As test demand increases, Northwest Alaska officials say their supply can’t keep up

Maniilaq Health Center (Wesley Early/KOTZ)

When you fly into Kotzebue, you’re going to run into a nurse from Maniilaq, the local health care provider.

“Our public health nursing has been diligently meeting each Alaska Airlines jet as it comes into Kotzebue,” said Maniilaq President and CEO Tim Gilbert.

Gilbert says upon arrival, nurses greet passengers with a travel questionnaire and request that they get tested for COVID-19 with what’s called a rapid test. As its name suggests, the results of those tests come back fairly quickly, and can be processed in Kotzebue at the Maniilaq Health Center. Maniilaq has other testing kits, but those require sending out samples to the Alaska Native Medical Center in Anchorage, and it can take three days to get a response back. 

Currently, there have been two cases of COVID-19 in the Maniilaq service area.

Last month, a resident from Kivalina in the Northwest Arctic Borough tested positive for COVID-19 in Anchorage. In response, Maniilaq Association sent nine workers to the village, performing tests on more than 300 residents who may have had contact with the affected individual.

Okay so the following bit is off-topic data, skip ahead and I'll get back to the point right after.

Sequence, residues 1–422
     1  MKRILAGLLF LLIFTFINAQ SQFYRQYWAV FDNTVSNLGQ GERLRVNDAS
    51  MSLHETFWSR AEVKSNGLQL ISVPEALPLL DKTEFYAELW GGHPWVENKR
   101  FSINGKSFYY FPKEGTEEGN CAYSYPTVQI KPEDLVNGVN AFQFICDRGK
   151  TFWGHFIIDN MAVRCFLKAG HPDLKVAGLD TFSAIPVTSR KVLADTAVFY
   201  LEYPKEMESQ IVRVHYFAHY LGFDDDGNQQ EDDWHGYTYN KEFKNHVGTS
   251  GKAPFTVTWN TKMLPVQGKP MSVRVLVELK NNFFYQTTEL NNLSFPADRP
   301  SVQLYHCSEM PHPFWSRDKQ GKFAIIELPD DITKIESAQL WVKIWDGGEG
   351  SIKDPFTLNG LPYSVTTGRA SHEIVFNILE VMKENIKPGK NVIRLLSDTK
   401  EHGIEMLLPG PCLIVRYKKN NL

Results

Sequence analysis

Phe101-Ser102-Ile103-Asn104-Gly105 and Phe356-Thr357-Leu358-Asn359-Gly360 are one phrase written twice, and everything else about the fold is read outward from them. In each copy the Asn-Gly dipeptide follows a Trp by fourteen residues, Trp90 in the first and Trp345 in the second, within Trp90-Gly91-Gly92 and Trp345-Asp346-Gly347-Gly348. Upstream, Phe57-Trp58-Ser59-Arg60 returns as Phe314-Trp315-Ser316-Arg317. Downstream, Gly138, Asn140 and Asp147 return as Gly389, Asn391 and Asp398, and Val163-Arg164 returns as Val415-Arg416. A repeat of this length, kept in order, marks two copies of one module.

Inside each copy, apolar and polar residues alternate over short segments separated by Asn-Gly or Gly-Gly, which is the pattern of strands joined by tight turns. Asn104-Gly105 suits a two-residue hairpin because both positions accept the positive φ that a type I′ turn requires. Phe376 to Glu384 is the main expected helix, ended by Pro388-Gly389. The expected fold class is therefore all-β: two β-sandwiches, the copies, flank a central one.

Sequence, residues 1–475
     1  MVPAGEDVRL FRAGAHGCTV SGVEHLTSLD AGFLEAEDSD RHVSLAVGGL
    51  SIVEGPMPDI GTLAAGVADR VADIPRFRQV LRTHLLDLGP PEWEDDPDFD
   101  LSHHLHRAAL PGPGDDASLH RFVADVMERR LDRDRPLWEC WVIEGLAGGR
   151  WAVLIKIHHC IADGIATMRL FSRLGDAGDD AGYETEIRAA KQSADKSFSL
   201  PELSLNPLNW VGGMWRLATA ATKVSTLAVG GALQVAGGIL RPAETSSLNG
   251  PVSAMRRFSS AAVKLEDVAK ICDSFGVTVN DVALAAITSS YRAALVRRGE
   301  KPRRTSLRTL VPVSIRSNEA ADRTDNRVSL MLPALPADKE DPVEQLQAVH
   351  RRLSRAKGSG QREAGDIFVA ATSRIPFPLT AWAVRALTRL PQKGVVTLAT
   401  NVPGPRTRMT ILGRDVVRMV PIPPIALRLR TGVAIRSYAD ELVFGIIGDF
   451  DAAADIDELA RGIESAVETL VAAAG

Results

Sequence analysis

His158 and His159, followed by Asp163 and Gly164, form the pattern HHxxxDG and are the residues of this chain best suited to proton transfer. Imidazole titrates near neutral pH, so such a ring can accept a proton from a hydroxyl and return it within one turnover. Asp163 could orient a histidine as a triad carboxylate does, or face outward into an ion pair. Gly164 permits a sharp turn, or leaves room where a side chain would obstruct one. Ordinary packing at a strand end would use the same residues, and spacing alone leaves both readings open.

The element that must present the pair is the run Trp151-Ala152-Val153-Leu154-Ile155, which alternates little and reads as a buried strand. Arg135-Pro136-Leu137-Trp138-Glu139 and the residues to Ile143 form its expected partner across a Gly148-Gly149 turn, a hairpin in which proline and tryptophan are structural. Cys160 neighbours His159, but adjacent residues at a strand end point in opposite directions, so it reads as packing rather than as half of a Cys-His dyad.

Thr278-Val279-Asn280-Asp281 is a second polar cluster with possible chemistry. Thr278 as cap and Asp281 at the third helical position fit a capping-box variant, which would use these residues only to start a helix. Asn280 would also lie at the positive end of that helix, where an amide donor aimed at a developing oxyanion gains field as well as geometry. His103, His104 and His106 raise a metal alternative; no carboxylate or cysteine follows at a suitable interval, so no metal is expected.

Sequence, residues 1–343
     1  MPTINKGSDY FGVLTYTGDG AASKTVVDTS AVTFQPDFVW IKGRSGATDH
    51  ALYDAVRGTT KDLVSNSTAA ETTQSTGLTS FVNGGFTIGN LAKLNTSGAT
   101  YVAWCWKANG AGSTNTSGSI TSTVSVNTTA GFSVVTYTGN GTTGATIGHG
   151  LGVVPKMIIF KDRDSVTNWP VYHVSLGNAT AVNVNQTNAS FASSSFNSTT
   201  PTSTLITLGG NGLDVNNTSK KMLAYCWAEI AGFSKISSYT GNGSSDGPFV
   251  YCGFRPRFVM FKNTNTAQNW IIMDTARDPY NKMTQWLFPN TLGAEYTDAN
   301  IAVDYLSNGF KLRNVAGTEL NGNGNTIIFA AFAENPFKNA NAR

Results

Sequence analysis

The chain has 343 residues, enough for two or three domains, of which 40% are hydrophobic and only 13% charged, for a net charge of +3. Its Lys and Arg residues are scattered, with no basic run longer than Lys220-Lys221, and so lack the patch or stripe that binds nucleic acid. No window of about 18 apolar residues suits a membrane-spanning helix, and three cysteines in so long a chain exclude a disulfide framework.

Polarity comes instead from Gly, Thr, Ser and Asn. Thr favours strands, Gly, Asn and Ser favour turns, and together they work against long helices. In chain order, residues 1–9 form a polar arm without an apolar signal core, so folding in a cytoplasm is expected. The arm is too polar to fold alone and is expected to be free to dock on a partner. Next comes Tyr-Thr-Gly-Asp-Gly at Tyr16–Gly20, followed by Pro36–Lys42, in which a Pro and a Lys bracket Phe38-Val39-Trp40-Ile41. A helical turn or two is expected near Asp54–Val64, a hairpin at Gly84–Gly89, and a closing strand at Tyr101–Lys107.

Nobody else tested positive in Kivalina, and the original individual tested negative after follow-up tests.

While Maniilaq has been able to limit the spread, the incident in Kivalina highlights an increased demand for testing in the Maniilaq service area. Some officials are concerned that demand for testing will only get bigger in the coming months.

“There’s only one Alaska Airlines flight coming in now, but they’ll be moving to two flights by July 1,” said Maniilaq Vice President of Health Services Sharon Kurz.

Additionally, Maniilaq is conducting tests at smaller village airports, assisting with testing of workers at Red Dog Mine and they’re preparing to do more mass testing in villages, like the case in Kivalina. In that situation, Maniilaq did not have enough rapid tests, and instead had to send samples to ANMC. 

Maniilaq officials say all that testing is putting a major strain on their testing supplies. In a news release, officials say that if Maniilaq isn’t able to get more testing kits and workers, “we will fall short of the testing needed to assess and contain COVID-19 in the region.”

Requests for comment from Maniilaq on how they hope to increase their testing supply went unanswered as of this report.

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Wesley is a reporter for Alaska Public Media, covering primarily city government and Anchorage life. He previously worked at Alaska Public Media as a web editor, producer and education reporter before a two-year stint in Kotzebue, AK as News Director for KOTZ-AM.

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